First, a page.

The Pragmatist Philosophy (Everything you need to know)

The Pragmatist Philosophy (Everything you need to know)

In this blog post, we will talk about the importance of the pragmatist philosophy in our daily lives. We describe pragmatic people and how pragmatism can be useful in our daily lives.

What does it mean to be a pragmatist?

Pragmatism translates into results orientation, being proactive, firm, determined and willing to take action quickly. The pragmatists do not know the constant fear that they might not succeed but channel their energy to find solutions to the obstacles they encounter.

The modern world, so-called “free”, considers pragmatism as one of the fundamental virtues of the individual, and this perspective, deeply dystrophic, is today so ingrained in the collective consciousness that you find it on all levels of society. Nothing escapes it and no one can escape it. 

The Pragmatist Philosophy (Everything you need to know)

Parents want their children to be as “pragmatic” as possible, considering that in this way “they will do better in life”. Politicians invoke pragmatism as a kind of ultimate attribute of competence. In everyday life, everyone wants to be as applied as possible, to solve problems and, therefore, to be as pragmatic as possible. 

The only ones who can afford not to adopt a so-called pragmatic behaviour are the VIPs, but the paradox is that the mechanisms of today’s society and the levers of consumerism make VIPs to be, in reality, among the most pragmatic characters on the planet.  You cannot access the stage of important public personality without being pragmatic to the bone. 

VIPs who adopt a visibly anti-pragmatic, non-conformist behaviour do so for the most pragmatic and mercantile reasons possible: it’s marketing and nothing else!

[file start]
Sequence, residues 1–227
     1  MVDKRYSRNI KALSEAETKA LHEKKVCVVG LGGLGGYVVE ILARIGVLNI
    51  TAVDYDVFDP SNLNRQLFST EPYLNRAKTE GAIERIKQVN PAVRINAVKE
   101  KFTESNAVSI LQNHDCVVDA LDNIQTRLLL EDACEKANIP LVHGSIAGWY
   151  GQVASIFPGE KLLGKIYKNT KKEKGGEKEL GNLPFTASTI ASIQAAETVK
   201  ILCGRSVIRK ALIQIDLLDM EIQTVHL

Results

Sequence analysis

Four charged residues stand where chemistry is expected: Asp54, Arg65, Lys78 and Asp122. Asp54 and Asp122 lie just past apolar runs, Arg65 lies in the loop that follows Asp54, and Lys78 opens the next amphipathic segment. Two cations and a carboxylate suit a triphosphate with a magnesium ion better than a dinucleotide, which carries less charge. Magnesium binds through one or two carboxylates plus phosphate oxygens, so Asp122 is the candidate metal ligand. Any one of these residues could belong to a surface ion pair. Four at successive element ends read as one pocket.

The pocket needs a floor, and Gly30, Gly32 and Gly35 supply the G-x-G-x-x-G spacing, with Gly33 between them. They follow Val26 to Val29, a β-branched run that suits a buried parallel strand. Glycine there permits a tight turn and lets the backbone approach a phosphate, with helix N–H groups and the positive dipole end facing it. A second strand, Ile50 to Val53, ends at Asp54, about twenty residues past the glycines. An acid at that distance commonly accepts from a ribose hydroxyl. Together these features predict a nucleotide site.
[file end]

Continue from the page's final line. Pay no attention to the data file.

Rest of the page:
Capitalism, for example, has raised pragmatism to the rank of primordial human value, based on very simple reasoning: pragmatism means efficiency, practical utility, it means solving problems. It means supply and demand. It means… market!

In the usual sense, as it is invoked and seen today by the vast majority of people, pragmatism remains, say, a relatively recent concept. It is related to the second half of the 20th century and the 21st century, rather than to other eras.

 It has little in common even with the “pragmatism” of C. S. Pierce, which linked anti-Cartesian pragmatism to doubt and especially to the search, by scientific methods, for the truth. However, to put the equal sign between useful and truth is, forgiven to be my impudence, a proof of absolute imbecility!

If pragmatism expresses something, then it certainly expresses the ultimate, irreducible equality between what is useful and the truth. 

The Pragmatist Philosophy (Everything you need to know)

Everything that is not useful, in use, is non-existent. And since money exists and quantifies everything in modern society, that is, everything that can be defined as useful and usable, it automatically follows that pragmatism is one of the characteristics of the individual that allows the existence and perpetuation of the concept of marketing ad infinitum. 

It sounds hilarious, but today the most pragmatic people on the planet are marketing experts, politicians, bankers, businessmen. They all have a greater or lesser connection with marketing, with the market. A firefighter cannot be pragmatic. He’s just a firefighter. A mechanic has nothing to do with marketing. The fact that he pours metal into a certain mould does not entitle him to reclaim his status as a pragmatic man.